Future Android Versions

The current Android release recommends building and shipping all board-specific code as kernel modules in devices. The rest of the kernel is treated monolithically with respect to Android (whether or not it's a monolithic kernel, or parts of it are compiled as kernel modules).

This monolithic kernel is an SoC kernel that can boot on the SoC vendor's reference hardware but nothing beyond that. Today, SoC kernels are treated similar to the common kernel; they're also heavily replicated in board-specific repos. This distribution model causes them to be fixed differently for the same bug in each branch, delaying future updates to the kernel due to cherry-picking at different times or fixing the same bug differently. To counter this, SoC kernels must be a separate deliverable, with everyone who uses the SoC contributing to the same SoC kernel.

Monolithic kernel fragmentation

SoC kernels fragment over time, across Android releases, and across ODMs.

Figure 1. Device kernel replication

This example illustrates the following:

  1. It takes a significant amount of effort and time for everyone to cross-merge board-specific branches/tags.
  2. While waiting for the cross-merge, Android device manufacturers patch their own kernel for bugs/security fixes.
  3. Divergence from the ancestor make future upgrades/merges difficult.

Common SoC kernels

The proposed model for a common SoC kernel addresses problems created by upmerging changes such as SoC-specific bug fixes, LTS upgrades, and security fixes. For example, an ideal, unified-per-SoC-kernel scenario has the following workflow.

Figure 2. Android 8.x and higher device kernels

This workflow is intended to solve the problem of fragmented kernel repos by working with device manufacturers to stay up to date with the common SoC kernel. Android 8.x and higher provides all possible options to ODMs to help them avoid maintaining their own SoC kernels and instead rely on the common SoC kernel for upgrades such as LTS upgrades, bug fixes, and security patches.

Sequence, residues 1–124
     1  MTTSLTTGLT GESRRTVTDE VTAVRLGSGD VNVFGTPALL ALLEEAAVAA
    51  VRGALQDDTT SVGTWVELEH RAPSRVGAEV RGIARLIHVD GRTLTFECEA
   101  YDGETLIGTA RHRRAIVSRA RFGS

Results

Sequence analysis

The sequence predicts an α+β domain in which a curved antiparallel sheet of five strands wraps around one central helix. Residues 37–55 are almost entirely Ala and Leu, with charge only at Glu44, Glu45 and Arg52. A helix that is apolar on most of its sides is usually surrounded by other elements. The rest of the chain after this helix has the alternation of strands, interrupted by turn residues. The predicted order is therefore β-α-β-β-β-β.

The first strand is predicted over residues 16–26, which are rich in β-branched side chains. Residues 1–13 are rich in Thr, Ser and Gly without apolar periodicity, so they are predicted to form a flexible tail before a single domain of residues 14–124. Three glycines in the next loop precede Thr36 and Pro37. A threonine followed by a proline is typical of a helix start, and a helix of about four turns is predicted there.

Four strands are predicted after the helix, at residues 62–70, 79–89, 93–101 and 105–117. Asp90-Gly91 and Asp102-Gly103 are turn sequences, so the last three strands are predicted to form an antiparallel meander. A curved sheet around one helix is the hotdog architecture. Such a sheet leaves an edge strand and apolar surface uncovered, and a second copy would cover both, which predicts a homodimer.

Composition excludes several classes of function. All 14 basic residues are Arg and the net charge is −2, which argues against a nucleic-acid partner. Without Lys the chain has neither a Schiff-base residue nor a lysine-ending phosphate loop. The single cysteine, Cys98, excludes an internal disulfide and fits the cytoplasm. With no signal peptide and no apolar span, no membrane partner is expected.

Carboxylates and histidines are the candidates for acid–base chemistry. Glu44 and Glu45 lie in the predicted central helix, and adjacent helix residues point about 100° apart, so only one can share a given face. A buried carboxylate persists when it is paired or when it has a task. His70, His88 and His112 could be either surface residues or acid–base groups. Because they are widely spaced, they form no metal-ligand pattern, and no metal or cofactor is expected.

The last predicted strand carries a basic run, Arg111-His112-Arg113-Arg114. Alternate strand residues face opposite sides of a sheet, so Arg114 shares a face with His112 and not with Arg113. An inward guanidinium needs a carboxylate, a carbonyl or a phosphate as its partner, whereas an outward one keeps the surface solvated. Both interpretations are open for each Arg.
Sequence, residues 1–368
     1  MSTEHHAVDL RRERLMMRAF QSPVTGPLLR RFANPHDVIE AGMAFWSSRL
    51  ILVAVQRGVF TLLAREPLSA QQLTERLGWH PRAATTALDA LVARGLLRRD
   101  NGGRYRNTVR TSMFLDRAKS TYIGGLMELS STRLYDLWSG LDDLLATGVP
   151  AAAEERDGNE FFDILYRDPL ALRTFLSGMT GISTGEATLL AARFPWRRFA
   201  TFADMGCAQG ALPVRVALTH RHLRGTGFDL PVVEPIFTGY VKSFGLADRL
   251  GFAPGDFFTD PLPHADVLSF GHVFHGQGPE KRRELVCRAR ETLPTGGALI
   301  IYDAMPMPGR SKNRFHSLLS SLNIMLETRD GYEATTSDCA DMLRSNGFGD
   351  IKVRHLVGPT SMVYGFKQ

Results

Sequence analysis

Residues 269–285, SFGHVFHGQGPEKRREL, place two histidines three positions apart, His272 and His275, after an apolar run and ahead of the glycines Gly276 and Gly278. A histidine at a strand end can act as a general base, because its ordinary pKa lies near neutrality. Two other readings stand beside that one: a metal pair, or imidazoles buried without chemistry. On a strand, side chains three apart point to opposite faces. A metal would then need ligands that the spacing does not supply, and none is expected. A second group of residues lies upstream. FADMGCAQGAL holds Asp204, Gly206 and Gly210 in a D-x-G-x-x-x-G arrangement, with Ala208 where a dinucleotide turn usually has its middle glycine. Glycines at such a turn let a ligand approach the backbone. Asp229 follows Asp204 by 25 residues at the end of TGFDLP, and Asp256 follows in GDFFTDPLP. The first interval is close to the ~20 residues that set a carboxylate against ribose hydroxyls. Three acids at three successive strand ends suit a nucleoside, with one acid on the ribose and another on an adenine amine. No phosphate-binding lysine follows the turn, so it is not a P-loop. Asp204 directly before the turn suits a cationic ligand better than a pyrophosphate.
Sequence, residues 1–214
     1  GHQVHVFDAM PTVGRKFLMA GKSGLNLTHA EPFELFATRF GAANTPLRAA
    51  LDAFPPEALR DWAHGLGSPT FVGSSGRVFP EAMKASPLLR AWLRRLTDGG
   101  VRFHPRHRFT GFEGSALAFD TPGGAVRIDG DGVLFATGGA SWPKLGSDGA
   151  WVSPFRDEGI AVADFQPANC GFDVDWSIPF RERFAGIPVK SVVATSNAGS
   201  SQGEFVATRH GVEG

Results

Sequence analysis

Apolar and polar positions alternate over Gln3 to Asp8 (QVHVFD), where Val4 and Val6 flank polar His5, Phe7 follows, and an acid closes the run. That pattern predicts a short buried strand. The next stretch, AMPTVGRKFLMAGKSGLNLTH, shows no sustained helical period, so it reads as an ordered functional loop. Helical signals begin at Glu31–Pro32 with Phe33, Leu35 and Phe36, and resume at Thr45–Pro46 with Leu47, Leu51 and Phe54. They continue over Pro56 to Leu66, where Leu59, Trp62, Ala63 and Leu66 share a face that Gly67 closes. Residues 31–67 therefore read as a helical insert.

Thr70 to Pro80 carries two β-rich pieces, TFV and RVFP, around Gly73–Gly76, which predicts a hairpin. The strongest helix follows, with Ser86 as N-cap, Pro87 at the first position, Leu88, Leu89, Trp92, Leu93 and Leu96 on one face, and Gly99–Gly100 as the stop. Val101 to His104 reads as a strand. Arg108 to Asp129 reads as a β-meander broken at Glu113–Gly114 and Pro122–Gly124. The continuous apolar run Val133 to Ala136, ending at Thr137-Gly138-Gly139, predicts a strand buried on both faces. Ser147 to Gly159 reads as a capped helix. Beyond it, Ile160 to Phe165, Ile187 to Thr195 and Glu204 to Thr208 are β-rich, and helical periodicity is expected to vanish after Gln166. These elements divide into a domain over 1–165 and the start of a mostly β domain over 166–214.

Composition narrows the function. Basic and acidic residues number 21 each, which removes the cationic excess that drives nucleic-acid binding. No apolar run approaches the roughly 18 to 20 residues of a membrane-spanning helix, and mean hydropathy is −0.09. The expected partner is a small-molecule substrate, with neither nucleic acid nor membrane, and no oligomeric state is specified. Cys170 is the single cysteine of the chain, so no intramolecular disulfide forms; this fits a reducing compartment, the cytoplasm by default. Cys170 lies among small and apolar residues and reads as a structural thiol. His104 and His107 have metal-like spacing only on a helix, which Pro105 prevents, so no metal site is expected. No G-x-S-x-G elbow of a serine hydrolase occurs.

As a start, we want to facilitate all ODMs/vendors using a single kernel source for an SoC. In the future, we want to move towards a single binary distribution of kernel per-SoC.

Upstreaming kernel changes

To make updating to newer kernel versions easier and more automatic, and to provide a more secure and reliable platform for ODMs on which to build a product, it's strongly recommended that SoC vendors work to upstream their kernel changes and get them accepted into the main kernel.org repository. At first, this requires extra effort and engineering, but saves time and money in the long run. Merged code is also of a much higher quality with fewer bugs and security issues (and usually smaller) than code that hasn't been reviewed by the community.

If full support for the SoC is merged upstream, the community can make needed API changes as the internal kernel API evolves over time, extending the longevity of the platform. The kernel can also be automatically tested for regressions in development and stable releases by adding the hardware platform to one of the many community-managed kernel test platforms (such as kernelci.org).

For help working with the Linux kernel community to upstream your code, refer to the following resources:

  • Documentation/process (Documentation/development-process in 4.9 and lower)
  • Documentation/CodingStyle
  • Documentation/SubmittingPatches

The community uses a minimal review process to accept standalone drivers and file systems into the staging portion of the kernel, where the community works to improve code quality.